At once epic in scope, intimate in voice, acclaimed Ojibwe novelist and nonfiction prose writer David Treuer’s The Heartbeat of Wounded Knee: Native America from 1890 to the Present (Riverhead) has been winning major praise since its publication, and deservedly so. This is beautiful, vital work of a very high order.
“An informed, moving and kaleidoscopic portrait of ‘Indian survival, resilience, adaptability, pride and place in modern life.’ Rarely has a single volume in Native American history attempted such comprehensiveness . . . Ultimately, Treuer’s powerful book suggests the need for soul-searching about the meanings of American history and the stories we tell ourselves about this nation’s past.” —Ned Blackhawk, New York Times Book Review.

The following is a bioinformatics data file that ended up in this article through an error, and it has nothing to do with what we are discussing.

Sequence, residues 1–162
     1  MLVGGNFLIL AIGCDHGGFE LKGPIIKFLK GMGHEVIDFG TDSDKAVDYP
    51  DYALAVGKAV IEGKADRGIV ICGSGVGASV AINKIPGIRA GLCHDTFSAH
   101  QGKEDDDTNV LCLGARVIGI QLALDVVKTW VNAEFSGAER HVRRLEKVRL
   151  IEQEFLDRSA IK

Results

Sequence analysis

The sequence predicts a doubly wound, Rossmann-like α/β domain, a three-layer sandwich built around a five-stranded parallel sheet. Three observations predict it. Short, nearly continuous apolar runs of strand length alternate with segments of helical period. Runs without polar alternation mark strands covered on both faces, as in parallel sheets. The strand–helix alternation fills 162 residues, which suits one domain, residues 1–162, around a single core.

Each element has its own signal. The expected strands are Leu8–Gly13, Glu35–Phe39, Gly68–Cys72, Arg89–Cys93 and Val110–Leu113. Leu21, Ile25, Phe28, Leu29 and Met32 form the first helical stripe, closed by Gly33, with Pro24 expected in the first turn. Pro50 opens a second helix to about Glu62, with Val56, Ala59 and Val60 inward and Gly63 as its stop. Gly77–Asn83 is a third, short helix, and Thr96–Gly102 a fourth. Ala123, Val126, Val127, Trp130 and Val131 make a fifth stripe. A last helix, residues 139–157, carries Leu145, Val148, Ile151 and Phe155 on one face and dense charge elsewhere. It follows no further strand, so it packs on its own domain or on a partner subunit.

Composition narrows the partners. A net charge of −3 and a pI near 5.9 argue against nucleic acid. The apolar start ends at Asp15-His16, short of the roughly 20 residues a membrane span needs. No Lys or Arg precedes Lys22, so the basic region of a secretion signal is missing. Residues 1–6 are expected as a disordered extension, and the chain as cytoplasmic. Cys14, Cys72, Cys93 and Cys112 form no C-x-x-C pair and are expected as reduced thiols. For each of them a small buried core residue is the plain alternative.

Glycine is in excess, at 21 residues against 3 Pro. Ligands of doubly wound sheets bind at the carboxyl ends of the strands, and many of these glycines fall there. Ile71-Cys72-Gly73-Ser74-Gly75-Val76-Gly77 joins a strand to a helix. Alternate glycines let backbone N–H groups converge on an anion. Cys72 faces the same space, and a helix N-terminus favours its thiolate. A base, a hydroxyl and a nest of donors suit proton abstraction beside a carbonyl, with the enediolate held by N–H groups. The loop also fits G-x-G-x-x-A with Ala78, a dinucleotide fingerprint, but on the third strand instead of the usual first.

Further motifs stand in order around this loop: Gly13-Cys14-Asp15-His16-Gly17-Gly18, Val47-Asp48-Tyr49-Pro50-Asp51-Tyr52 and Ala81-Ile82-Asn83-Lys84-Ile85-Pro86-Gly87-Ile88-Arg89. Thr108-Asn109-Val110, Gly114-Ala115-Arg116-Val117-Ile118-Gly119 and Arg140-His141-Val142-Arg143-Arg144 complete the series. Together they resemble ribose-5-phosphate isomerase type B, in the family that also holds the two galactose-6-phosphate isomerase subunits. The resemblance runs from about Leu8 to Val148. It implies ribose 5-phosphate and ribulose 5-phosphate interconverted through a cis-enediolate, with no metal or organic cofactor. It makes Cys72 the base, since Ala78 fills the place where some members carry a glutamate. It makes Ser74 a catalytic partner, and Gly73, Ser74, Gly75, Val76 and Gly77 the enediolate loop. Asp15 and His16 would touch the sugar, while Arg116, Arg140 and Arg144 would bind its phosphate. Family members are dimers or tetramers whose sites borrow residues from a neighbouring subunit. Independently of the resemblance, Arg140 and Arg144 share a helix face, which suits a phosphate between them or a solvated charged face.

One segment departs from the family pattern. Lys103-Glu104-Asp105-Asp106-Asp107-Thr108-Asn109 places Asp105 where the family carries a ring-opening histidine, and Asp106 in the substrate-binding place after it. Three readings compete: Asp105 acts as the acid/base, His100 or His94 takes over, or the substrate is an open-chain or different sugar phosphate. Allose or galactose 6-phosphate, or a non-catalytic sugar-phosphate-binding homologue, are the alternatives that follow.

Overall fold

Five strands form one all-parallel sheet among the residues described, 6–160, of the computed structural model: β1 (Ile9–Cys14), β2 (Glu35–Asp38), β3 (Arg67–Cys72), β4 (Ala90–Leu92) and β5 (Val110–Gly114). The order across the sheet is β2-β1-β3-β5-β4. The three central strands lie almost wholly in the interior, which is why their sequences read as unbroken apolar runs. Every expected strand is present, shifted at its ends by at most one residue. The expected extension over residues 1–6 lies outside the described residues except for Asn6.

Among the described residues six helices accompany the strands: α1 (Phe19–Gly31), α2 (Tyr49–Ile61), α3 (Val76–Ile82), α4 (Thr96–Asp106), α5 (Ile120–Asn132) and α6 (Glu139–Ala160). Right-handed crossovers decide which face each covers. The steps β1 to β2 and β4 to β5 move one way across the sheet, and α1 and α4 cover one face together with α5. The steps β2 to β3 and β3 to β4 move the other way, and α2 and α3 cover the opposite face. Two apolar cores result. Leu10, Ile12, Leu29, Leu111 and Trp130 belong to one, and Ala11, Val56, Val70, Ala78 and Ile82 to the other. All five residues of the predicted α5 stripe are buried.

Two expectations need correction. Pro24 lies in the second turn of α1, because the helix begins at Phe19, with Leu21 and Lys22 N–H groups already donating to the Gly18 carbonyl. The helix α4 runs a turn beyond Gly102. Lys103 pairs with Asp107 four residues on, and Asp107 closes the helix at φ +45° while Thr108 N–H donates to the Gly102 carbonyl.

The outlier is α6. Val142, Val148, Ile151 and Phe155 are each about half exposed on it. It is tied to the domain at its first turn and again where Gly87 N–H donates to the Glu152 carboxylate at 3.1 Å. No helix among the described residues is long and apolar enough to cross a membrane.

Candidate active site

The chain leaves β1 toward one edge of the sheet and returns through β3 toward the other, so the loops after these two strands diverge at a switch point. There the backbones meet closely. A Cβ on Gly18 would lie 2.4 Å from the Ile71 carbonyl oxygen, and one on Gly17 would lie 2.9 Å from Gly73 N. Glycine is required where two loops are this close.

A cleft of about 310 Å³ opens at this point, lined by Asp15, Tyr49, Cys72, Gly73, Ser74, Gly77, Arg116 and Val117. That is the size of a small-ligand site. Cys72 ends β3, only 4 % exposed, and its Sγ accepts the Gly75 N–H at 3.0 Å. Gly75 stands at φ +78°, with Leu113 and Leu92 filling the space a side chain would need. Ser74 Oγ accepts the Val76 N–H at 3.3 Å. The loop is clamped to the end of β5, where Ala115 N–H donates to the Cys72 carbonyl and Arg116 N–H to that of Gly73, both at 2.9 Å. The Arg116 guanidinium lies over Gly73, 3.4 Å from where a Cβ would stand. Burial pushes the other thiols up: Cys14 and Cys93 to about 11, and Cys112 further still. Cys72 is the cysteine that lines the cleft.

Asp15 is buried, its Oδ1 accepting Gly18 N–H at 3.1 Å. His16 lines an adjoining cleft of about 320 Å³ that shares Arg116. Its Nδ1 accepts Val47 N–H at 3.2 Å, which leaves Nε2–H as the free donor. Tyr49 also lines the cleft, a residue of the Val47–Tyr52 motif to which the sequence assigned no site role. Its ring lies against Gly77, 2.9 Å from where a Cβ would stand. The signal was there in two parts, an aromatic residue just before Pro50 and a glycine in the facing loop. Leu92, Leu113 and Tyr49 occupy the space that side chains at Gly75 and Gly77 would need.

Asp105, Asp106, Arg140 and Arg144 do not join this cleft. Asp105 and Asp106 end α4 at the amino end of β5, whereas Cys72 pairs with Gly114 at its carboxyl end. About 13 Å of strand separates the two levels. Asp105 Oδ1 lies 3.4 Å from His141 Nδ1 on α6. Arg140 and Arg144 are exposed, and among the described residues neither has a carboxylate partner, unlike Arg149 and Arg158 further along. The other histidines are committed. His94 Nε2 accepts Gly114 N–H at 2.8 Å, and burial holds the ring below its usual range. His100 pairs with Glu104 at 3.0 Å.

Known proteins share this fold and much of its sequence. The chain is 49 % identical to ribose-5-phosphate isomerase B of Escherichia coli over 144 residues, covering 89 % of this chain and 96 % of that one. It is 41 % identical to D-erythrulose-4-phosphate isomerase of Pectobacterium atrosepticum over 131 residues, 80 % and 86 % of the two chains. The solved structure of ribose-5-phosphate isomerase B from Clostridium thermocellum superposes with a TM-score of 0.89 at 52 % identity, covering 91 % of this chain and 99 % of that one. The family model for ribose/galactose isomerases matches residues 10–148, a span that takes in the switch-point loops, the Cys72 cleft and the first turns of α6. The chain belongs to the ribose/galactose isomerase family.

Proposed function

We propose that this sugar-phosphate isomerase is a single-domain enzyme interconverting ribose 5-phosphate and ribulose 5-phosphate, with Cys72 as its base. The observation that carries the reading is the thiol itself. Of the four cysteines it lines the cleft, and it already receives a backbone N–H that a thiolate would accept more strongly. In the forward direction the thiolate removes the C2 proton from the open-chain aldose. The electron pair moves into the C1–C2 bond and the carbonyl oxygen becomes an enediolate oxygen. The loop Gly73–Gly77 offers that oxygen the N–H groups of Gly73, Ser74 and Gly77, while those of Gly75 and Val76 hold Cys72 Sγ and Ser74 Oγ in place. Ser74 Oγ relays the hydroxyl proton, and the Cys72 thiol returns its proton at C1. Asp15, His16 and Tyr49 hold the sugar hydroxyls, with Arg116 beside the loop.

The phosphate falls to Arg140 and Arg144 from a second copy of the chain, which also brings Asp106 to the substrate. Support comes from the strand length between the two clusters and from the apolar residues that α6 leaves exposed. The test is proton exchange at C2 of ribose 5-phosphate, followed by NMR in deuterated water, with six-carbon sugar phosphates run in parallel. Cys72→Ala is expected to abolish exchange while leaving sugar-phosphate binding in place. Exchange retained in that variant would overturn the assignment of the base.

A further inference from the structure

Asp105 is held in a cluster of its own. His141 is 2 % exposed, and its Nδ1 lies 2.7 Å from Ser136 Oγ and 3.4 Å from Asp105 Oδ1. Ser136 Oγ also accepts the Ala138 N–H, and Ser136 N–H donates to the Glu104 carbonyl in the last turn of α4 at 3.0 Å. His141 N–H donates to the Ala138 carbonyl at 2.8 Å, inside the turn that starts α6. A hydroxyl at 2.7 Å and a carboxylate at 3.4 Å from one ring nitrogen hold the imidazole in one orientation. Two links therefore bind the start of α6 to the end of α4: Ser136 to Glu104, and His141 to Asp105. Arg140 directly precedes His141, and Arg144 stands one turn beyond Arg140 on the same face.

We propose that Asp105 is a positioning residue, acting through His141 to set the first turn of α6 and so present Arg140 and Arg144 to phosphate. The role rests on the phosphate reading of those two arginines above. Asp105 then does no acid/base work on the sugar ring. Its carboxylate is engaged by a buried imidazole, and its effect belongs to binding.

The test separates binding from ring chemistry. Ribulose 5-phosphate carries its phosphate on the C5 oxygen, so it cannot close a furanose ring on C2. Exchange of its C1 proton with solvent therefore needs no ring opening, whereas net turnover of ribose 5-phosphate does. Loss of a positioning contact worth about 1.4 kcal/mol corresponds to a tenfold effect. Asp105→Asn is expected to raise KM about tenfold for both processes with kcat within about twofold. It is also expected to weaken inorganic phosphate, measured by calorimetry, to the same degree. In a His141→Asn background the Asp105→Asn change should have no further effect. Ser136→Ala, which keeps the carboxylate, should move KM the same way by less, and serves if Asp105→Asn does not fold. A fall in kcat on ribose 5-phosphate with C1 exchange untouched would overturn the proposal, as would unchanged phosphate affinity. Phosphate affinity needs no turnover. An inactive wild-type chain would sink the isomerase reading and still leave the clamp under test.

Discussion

“In clear and vivid prose, David Treuer positions unforgettable portraits of contemporary Indian people within a compelling narrative of the experiences of indigenous peoples in the big sweep of time. His book offers a powerful challenge to the persistent and pernicious idea of the ‘vanishing Indian,’ replacing it with a far more accurate story of Indian people’s repossession and restoration of sovereignty and dignity.” —Patricia Limerick.